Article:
Phil Robertson, Asia Division Deputy Director, Human Rights Watch

Where: Foreign Correspondents’ Club of Thailand (FCCT)
Penthouse, Maneeya Center
518/5 Ploenchit Road (connected to the BTS Skytrain Chitlom station)
Patumwan, Bangkok 10330

For more information or to request an advance (embargoed) copy of the report, contact: Oren Samet at

About APHR: ASEAN Parliamentarians for Human Rights (APHR) is a human rights intervention force of current and former parliamentarians, who use their unique positions and innovative means to prevent discrimination, uphold political freedom, and promote democracy and human rights throughout the region. APHR supports the work of civil society and human rights defenders and encourages sustainable solutions that increase pressure on governments and multilateral bodies to ensure accountability and uphold and enforce international human rights laws.

Learning from the dictatorship

4 02 2017

Some analysts have argued that Thailand’s junta is learning from the authoritarian leaders of China. There’s debates about that, yet we don’t doubt that, among other things, The Dictator would love to control the internet as tightly as his Chinese counterparts.

We now know that other authoritarian leaders are learning from Thailand’s military dictatorship. At The Cambodia Daily, Phil Robertson, deputy Asia director for Human Rights Watch, reckons “authoritarian ideas ‘spread like the flu among ASEAN leaders’.”

While we get the point, we’d observe that authoritarian ideas have long dominated in ASEAN countries.

The reason for his observation follows Cambodian Prime Minister Hun Sen promising “sweeping changes to Cambodia’s law governing political parties in a move that could eliminate the CNRP and remove opposition leader Sam Rainsy or any other politician convicted by Cambodia’s courts—from a leadership position.”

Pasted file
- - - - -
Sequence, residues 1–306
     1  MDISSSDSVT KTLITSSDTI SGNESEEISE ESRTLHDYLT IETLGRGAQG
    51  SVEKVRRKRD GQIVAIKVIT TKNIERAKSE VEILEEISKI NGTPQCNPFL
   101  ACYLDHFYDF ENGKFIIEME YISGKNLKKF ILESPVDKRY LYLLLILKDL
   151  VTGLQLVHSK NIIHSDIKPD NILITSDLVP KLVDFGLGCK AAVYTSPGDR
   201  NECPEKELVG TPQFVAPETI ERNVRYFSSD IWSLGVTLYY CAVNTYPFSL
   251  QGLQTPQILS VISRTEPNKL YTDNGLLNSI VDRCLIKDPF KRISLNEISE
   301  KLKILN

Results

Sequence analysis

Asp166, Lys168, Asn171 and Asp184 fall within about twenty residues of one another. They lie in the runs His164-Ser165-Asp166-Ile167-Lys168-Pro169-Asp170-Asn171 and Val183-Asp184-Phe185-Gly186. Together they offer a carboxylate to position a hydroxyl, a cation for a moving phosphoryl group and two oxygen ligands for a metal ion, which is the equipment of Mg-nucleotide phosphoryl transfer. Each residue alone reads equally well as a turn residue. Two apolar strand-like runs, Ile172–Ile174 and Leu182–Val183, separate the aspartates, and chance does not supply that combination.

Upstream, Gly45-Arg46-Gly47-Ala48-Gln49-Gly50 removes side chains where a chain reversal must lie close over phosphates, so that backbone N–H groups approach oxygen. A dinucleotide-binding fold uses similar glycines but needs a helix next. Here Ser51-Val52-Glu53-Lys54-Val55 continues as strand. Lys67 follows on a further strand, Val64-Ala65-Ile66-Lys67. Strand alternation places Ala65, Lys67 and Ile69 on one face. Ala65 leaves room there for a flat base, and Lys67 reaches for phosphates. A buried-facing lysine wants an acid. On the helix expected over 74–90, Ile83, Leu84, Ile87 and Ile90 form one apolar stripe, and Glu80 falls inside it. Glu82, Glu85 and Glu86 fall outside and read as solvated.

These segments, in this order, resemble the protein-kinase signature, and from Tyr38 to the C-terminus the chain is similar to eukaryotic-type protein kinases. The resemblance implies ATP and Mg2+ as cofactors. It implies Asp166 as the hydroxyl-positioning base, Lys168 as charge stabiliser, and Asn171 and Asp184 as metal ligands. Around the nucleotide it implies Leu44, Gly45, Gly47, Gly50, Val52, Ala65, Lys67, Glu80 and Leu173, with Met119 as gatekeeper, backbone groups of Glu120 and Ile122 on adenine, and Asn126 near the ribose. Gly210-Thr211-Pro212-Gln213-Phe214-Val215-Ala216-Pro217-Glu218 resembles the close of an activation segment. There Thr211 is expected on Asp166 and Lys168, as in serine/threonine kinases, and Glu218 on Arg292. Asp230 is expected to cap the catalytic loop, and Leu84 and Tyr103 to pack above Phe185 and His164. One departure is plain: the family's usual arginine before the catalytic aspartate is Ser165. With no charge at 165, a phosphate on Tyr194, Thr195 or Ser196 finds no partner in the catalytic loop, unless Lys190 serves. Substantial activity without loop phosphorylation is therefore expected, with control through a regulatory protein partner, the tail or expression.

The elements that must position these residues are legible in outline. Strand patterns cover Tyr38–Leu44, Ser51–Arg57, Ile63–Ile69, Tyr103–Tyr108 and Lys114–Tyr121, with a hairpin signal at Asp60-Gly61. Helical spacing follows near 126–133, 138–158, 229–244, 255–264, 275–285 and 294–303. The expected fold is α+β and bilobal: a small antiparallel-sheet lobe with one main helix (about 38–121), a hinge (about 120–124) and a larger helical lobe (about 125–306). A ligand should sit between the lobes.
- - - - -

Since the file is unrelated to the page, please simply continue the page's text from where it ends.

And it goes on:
His model? He says, “I think that we should follow Thailand, which means anyone committing serious mistakes would cause their party to be dissolved…”. He added:

“The People’s Power Party was dissolved just because Samak Sundaravej appeared as a chef on television,” Mr. Hun Sen said, referring to a side gig that Thai courts deemed a conflict of interest. “He then lost his position as prime minister and they also dissolved his party.”

“So we follow it,” Mr. Hun Sen said of the Thai example, saying he sought to “dissolve parties and then ban the political rights for not just a few leaders, but all the party’s board of directors.”

Authoritarian leaders are always looking for more ways to solidify their hold on power. The Dictator may well have looked at Hun Sen’s ability to manipulate elections and learned from that too.

Seeking more political prisoners

7 11 2016

The military dictatorship insists it is still seeking lese majeste extraditions. According to a report at The Nation a few days ago, it seems that the junta is hoping that, like them, the governments of Laos and Cambodia will ignore their own laws:

Legally speaking, the extradition of lese majeste fugitives from Cambodia and Laos is impossible, since treaties signed by Thailand with its two immediate neighbours don’t allow it. But legal loopholes can be found in such cases.

In fact, they are not legal loopholes, but bringing political pressure on those governments.

The military dictatorship is seeking the extradition of “three of the suspects … in Cambodia and six … in Laos,”

Treaties with Cambodia and Laos “contain grounds for mandatory refusal of extraction if there is a political offence involved.”

As the report makes clear, “[l]ese majeste is a political crime by nature, since the law in question effectively prevents any debate on the Kingdom’s head of state, rendering them ‘untouchable’.”

It makes the excellent points that:

Thai governments and their supporters routinely abuse Article 112 by using it to gag political opponents. Exploiting the monarchy’s high status in society, authorities enforce the lese majeste as if the country were still ruled by an absolute monarchy.

The hopes that both countries can be convinced to use “loopholes” to deport the junta’s political opponents back to Thailand for certain jail terms of many years.

More on the regular use of torture

30 10 2014

PPT has posted regularly on the use of torture by Thailand’s police and military.

These authorities use torture against locals and foreigners.

A report in The Cambodia Daily indicates the use of torture against three poor villagers from Cambodia “arrested in Thailand last week [who] were returned to Preah Vihear province on Monday…”. They claimed they were “tortured by the Thai military before being released…”.

The men were arrested in Thai territory “while searching for wild vegetables.” Perhaps they were seeking valuable timber.

A Cambodian military officer stated “the men told him that Thai soldiers persuaded one of the men to admit he was a Cambodian soldier in order to expedite his transfer back home.”